Chinese online consumers now can purchase products directly from the British high-end fashion brand Burberry. Burberry Group PLC launched its online store Tuesday on ...
IRCE 2011 Report: Daily deals can spur rapid growth
But retailers must prepare for the challenges of sales spikes, an IRCE speaker says.
Before Bob McKeon, owner of PictureItOnCanvas.com, ran his first Groupon offer he processed between 100 and 150 canvas prints per month. He was a one-man shop, working with only three part-timers in an 800-square-foot space carved out of a San Diego winery. While he wasn’t getting rich, life was good, he said today at the Internet Retailer Conference & Exhibition 2011 in San Diego. “At four o’clock I’d have a glass of wine and put my feet up on my desk,” he said.
Then eight months ago he ran his first offer on Groupon, the daily deal powerhouse. He’s run several more since. His business now processes about 250 prints a day, with help from 34 employees, including a webmaster, marketing staff and others who work in an 8,000-square-foot space. He’s purchased new equipment and then sold that to buy even better machines that can process prints more quickly.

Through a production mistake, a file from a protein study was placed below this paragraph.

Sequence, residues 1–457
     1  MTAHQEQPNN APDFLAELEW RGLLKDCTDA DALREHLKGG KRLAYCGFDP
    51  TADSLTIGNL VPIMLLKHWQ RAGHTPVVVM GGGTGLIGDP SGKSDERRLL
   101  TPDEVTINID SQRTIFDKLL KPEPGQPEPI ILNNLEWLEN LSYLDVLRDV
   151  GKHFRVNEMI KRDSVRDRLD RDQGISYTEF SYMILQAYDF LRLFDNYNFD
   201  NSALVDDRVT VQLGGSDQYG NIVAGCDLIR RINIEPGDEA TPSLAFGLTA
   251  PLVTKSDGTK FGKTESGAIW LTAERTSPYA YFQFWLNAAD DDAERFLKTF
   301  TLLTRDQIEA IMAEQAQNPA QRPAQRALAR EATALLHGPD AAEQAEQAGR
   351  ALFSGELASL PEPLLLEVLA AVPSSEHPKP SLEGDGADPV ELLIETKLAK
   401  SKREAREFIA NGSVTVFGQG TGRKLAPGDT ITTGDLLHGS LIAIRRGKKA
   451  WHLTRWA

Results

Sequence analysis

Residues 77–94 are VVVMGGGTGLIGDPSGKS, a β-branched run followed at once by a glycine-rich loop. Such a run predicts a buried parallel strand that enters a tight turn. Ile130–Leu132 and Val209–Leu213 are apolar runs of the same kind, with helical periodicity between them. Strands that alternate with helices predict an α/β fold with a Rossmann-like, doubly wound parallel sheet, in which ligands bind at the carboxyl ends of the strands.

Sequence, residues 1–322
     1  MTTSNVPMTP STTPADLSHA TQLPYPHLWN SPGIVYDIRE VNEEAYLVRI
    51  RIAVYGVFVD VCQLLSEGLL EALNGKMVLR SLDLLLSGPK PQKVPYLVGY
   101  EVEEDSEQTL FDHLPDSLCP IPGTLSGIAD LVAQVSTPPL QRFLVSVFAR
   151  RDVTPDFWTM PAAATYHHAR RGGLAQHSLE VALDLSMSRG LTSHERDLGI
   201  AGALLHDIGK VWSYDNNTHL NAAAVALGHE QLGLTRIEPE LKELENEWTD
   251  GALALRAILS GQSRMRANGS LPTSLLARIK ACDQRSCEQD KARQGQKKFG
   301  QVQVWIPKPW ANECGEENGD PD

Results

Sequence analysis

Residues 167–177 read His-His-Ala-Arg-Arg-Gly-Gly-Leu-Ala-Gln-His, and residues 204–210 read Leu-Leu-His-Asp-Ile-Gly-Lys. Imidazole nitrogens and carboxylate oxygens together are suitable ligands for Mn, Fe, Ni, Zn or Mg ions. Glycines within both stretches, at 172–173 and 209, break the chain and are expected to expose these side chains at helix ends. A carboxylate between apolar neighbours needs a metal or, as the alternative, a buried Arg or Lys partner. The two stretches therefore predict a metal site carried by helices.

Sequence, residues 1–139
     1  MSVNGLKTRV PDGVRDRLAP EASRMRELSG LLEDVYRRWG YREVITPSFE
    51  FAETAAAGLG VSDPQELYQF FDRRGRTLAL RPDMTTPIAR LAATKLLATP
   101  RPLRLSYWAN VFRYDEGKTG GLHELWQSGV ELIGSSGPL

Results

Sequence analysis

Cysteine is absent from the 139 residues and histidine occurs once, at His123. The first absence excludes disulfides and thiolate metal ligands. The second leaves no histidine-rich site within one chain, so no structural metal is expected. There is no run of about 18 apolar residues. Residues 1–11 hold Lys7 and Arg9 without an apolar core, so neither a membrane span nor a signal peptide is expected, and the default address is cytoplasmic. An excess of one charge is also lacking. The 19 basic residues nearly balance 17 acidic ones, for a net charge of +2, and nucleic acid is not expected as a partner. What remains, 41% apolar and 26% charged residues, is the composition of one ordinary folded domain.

However, McKeon says his growth has not been organic, which means that it comes in spikes whenever he runs a daily deal offer. Those jumps in sales have led to a host of issues that he’s had to address by quickly hiring workers, finding new space and buying a new server to handle the onslaught of orders.
That’s not to say McKeon regrets his marketing efforts. He says he incurs no upfront costs in running an offer on Groupon or other daily deal sites. That’s a stark difference from when he ran an ad that featured a coupon code in Northwest Airlines’ in-flight magazine. “I spent $9,000 to make one sale,” he said.
With Groupon he pays roughly a 50/50 split of the revenue generated from vouchers. Then Groupon pays one-third of PictureItOnCanvas.com’s share within five days, another third within a month and the final third a month after that.
While that means he’s selling his products at a 75% discount, he considers it a customer acquisition cost. “I may only make a few dollars on each sale but ultimately it’s worth it because those people become my customers and I can repeatedly remarket to them,” he says.